Standard & Poor's has affirmed New Zealand's credit rating at AA and has expressed confidence that the government will report a budget surplus as promised in 2015.
The credit rating company notes the burden of earthquake-related expenses on the economy but also says the sale of stakes in state-owned enterprises will be used to fund capital spending.
"We believe the economy has favourable prospects for sustained growth while there remains strong demand for agricultural (dairy, meat, and wood) exports from Australia and emerging Asia - particularly China," S&P said on Friday.
"In our view, the New Zealand economy's overall resilience reflects decades of structural reforms and wage restraint."
New Zealand's public finances had worsened as a result of the global recession and the unavoidable repair and reconstruction costs associated with the Canterbury earthquakes, S&P said.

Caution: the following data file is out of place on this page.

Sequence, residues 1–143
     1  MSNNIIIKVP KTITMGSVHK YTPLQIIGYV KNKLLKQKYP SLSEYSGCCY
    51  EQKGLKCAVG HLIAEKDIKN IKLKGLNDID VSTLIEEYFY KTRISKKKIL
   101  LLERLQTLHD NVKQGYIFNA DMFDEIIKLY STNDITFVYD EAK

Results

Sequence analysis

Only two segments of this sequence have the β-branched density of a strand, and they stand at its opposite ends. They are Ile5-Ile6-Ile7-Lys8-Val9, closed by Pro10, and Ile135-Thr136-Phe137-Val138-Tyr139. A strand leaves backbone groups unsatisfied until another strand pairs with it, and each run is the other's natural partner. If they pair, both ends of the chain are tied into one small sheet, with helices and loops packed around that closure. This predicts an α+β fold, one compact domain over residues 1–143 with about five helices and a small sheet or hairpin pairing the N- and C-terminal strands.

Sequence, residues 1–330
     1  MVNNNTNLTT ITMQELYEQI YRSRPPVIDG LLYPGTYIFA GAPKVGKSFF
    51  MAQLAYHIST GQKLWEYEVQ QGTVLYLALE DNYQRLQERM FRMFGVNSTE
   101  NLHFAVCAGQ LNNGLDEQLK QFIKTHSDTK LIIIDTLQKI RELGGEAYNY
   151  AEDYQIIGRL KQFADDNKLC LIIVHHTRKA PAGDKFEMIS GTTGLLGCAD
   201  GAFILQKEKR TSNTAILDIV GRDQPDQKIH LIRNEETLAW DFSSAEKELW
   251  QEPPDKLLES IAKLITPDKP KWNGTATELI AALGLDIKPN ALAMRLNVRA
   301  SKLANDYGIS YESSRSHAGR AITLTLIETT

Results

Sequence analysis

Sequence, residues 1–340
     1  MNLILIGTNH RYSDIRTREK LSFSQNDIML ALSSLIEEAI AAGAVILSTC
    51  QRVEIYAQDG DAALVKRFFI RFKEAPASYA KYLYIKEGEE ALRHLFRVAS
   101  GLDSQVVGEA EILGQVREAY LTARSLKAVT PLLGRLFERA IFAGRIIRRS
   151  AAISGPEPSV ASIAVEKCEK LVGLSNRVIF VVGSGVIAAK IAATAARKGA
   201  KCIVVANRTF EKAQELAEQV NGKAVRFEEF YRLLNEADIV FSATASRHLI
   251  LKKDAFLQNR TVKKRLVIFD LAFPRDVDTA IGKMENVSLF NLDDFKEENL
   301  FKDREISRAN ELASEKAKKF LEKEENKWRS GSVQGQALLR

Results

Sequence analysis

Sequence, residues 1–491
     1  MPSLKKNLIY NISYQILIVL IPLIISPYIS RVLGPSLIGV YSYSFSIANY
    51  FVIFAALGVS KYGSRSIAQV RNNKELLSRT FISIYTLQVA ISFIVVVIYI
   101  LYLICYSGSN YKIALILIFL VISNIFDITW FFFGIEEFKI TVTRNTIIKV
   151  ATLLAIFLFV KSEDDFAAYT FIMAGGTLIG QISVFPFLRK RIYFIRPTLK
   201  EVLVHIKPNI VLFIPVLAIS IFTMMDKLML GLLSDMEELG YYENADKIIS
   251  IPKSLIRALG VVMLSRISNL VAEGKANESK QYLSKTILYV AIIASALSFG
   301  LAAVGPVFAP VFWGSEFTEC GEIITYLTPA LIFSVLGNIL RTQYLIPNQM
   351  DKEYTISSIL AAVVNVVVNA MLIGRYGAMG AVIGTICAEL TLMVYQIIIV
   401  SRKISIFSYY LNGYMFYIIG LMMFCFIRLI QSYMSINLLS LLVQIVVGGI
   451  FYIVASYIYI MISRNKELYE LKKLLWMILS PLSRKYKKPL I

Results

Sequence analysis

The government had recorded cash deficits of 8.2 per cent and 7.8 per cent of gross domestic product in 2011 and 2012 respectively.
"Assuming there is no significant weakening in prices and demand for New Zealand's exports, we expect the crown to return its budget balance to a modest surplus in the June 2015 fiscal year," S&P said.
S&P said proceeds from the sale of stakes in state assets over four years would be equivalent to around 3 per cent of GDP in 2011.
The rating affirmation by S&P was welcomed by Finance Minister Bill English.
"New Zealand is one of only nine countries with the highest possible Aaa rating and a stable outlook with Moody's, and it has an AA rating with Fitch," he said.
The S&P rating has a stable outlook.